DOLLAR GLEN is at its vibrant best just now, with drifts of bluebells carpeting the woodland floor that are complemented by a wide variety of other stunning wildflowers.

From Mill Green, I took the path that ascends the west side of the glen by the golf course and was soon immersed within its wild beauty.

The poet Gerard Manley Hopkins eloquently described the wonders of a woodland floor carpeted by bluebells as having a "blue-buzzed haze" with "wafts of intoxicant perfume".

It was a flower that held him in such star-struck awe that on another occasion he wrote "….they came in falls of sky-colour washing the brows and slacks of the ground with vein-blue".

The white blooms of greater stitchwort and ramsons (wild garlic) were also flowering in abundance. Ramson leaves have a wonderful garlicky taste and once the plant is in full bloom, they deliver a distinctive pungent aroma across the woodland floor.

Stinky nanny is one old country name for the ramson – but how inappropriate, for I just love the scent they bring to the woodland floor at this time of year.

Ramsons can form very dense colonies, but they are fickle in their distribution, being abundant in some woods and totally absent in others.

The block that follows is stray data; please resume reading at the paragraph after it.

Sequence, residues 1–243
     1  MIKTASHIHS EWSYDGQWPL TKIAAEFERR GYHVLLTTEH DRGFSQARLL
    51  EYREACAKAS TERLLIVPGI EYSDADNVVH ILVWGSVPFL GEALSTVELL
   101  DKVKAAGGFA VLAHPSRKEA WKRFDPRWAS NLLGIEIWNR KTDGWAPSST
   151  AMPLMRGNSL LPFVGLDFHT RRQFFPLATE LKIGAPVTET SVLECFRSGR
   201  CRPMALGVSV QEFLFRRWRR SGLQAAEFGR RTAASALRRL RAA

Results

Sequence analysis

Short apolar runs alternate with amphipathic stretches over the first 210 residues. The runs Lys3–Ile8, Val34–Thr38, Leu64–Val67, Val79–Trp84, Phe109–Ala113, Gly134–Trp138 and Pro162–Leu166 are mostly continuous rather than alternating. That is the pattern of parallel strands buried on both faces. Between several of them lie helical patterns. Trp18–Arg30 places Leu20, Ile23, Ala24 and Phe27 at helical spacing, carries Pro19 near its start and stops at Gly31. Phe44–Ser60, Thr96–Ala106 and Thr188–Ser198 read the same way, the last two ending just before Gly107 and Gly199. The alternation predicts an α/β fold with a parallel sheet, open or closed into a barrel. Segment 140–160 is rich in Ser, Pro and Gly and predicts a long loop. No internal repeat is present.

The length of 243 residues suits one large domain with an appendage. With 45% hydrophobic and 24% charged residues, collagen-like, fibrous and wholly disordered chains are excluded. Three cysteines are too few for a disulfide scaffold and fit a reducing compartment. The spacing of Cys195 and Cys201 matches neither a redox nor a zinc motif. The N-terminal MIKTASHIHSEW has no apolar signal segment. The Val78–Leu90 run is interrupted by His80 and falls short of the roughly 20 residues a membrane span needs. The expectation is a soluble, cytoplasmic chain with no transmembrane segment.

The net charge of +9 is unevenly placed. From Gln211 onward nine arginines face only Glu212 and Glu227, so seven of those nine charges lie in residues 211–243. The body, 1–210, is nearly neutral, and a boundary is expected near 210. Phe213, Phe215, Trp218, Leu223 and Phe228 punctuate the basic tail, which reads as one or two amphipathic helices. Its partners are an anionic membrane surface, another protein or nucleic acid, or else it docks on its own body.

The ramson is also sometimes known as 'bear's garlic' because it is said that these are among the first plants that bears eat when they emerge from hibernation.

Equally enchanting is wood sorrel, which is also flowering now and is often found growing on moss-covered tree stumps and fallen logs.

It has a subtle beauty that is easy to miss, and it really is worth examining this flower closely, for what from a distance appear as white petals are in fact gently inscribed with lilac.

I wandered further up the glen and sat on a log where I breathed-in the wonderful aroma of the bluebells and other wildflowers, so exquisite in their timeless essence.

The distant yodelling of a green woodpecker echoed through the trees and the cascading call of a willow warbler drifted across the air.

The sunshine was warm, and life felt good, so I closed my eyes for a while, letting the rich scents and sounds of nature envelop my senses.